School Enrolments in Pakistan have risen dramatically since independence. Z A Bhutto’s 1973 constitution enshrined the right to free primary education for all, and one of his earliest official acts was to nationalize all except missionary schools with the intention of bringing this about. But so far primary schooling (age five to 10) is only available to about half the country’s children and secondary schooling (11 to 17) to less than one-fifth, with a boy-girl ratio of about two to one, Pakistan is in the bottom 10 countries in the world for female attendance in primary school.
Only one in every four adults over age 15 is literate, a lower proportion than in most 35% for women (under10% in rural areas), reflecting cultural and religious traditions that keep women at home.
Interestingly, only one in five have had any formal schooling, so that many who are literate are self-taught. or home-taught. Less than 2% have gone on to higher education. Schooling is not compulsory at any level.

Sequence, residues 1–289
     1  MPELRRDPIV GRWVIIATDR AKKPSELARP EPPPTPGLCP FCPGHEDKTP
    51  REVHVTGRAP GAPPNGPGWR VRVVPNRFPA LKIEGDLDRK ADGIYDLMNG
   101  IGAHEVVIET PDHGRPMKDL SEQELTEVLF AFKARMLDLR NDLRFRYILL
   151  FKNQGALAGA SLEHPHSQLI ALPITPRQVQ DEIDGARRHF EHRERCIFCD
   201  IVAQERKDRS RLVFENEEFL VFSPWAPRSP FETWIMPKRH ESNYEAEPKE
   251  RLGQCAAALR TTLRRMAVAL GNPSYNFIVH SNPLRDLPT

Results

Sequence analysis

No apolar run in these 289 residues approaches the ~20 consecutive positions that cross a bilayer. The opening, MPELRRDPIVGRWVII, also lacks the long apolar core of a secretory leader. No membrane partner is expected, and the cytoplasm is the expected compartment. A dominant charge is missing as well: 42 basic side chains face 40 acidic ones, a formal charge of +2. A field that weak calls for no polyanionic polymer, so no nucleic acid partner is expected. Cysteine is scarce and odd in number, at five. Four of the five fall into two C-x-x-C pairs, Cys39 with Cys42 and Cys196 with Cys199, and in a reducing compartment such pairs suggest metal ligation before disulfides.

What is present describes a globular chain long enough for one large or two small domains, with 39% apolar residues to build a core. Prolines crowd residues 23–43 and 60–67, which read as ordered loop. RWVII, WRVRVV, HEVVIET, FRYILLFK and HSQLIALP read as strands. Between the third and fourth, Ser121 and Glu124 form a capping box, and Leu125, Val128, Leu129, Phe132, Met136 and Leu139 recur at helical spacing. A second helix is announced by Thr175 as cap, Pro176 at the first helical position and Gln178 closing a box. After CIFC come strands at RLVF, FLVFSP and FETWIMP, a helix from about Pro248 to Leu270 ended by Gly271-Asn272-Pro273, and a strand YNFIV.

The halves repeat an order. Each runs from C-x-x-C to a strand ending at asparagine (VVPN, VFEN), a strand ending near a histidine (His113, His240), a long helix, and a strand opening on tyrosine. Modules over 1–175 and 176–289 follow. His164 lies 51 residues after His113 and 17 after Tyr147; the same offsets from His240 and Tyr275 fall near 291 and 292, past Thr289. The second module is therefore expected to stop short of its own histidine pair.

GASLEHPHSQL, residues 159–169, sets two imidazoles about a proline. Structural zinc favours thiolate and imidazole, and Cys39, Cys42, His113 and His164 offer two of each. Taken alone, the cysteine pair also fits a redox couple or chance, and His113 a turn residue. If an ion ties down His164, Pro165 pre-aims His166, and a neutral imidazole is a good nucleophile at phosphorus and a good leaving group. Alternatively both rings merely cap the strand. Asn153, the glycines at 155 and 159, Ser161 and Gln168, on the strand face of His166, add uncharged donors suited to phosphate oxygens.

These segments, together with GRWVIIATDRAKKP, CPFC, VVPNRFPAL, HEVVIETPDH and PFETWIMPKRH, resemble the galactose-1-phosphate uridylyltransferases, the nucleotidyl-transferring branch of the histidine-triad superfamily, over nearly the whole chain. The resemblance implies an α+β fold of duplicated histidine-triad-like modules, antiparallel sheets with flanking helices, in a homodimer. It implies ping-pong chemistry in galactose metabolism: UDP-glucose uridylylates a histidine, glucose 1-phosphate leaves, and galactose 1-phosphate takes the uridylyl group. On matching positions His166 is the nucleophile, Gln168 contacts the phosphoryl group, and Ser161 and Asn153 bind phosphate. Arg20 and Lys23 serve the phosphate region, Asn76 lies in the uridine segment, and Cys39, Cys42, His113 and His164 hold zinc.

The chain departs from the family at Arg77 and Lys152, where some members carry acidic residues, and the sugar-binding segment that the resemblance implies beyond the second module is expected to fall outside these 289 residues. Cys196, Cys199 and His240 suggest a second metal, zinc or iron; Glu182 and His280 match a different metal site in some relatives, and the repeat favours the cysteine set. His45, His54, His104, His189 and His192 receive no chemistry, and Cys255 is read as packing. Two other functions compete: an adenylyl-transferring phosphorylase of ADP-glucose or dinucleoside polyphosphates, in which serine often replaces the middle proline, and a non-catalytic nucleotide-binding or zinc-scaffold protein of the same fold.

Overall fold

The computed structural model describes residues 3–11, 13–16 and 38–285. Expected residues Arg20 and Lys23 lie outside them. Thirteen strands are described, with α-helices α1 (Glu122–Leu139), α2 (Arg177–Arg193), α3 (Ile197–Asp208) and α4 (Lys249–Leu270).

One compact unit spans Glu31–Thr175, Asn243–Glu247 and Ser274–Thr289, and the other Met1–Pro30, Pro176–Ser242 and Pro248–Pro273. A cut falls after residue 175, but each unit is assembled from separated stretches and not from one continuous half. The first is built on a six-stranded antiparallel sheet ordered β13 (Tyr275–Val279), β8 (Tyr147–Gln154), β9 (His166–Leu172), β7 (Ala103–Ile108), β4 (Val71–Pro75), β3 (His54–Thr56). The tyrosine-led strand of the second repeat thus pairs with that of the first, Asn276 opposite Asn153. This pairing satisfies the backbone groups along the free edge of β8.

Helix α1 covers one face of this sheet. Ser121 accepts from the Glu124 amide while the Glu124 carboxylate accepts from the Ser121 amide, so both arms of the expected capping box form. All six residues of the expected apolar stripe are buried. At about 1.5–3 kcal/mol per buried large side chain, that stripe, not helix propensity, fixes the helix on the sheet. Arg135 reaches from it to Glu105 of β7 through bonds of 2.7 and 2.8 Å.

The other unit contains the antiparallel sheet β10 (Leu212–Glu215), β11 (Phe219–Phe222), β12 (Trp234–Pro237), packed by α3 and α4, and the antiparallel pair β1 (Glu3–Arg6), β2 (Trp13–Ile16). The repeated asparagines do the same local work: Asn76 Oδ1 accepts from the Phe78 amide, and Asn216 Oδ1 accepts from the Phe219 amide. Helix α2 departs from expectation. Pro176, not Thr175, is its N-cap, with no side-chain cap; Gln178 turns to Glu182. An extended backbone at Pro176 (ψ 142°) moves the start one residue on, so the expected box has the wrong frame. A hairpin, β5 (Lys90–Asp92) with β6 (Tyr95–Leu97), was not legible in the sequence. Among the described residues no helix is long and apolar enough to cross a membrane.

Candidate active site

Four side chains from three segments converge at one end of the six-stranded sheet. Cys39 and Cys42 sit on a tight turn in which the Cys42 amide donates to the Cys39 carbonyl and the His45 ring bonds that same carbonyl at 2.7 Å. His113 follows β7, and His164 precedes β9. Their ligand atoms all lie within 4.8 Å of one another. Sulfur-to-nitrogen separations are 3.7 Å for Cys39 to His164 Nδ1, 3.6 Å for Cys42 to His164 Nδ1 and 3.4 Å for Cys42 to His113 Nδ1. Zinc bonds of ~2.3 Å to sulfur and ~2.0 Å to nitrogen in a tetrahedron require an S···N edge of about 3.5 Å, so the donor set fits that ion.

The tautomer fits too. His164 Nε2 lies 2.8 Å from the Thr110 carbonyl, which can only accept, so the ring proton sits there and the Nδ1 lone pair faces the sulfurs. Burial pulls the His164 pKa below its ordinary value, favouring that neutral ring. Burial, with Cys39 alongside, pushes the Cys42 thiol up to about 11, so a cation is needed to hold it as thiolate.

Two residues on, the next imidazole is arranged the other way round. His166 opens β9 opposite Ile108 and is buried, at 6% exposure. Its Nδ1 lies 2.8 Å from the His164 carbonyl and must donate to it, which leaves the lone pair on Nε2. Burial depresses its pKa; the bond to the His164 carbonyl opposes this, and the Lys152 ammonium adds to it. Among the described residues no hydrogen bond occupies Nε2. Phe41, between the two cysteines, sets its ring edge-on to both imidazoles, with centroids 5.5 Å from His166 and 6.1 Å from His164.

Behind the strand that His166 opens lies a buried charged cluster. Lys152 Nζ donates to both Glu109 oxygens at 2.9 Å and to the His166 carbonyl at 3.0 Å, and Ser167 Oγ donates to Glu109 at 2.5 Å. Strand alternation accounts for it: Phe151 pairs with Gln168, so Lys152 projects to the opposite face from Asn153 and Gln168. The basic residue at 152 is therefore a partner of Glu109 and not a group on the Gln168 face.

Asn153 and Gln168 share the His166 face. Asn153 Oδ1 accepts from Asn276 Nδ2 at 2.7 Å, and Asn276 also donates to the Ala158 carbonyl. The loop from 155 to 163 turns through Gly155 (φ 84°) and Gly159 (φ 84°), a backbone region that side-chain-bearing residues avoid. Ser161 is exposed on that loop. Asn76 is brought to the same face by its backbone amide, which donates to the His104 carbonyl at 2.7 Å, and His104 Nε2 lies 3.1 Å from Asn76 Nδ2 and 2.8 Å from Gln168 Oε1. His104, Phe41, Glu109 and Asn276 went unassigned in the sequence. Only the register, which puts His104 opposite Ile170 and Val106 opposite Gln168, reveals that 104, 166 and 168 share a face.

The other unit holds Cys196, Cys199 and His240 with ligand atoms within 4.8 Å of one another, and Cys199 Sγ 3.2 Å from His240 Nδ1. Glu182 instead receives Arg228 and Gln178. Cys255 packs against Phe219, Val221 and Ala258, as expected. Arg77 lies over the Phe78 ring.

Pakistan now has about 300 secondary vocational institutes, 600 liberal-arts, professional and teacher-training colleges and at least 22 universities, including provincial universities in each province, a university in Azad Jammu & Kashmir, and an open university in Islamabad. Most are coeducational, though the majority of students are still men. There are some women-only colleges.
Many schools are now being reprivatised, and new private school are allowed. The government spends about 3% of its development budget on education, most of it toward expanding primary and secondary schools.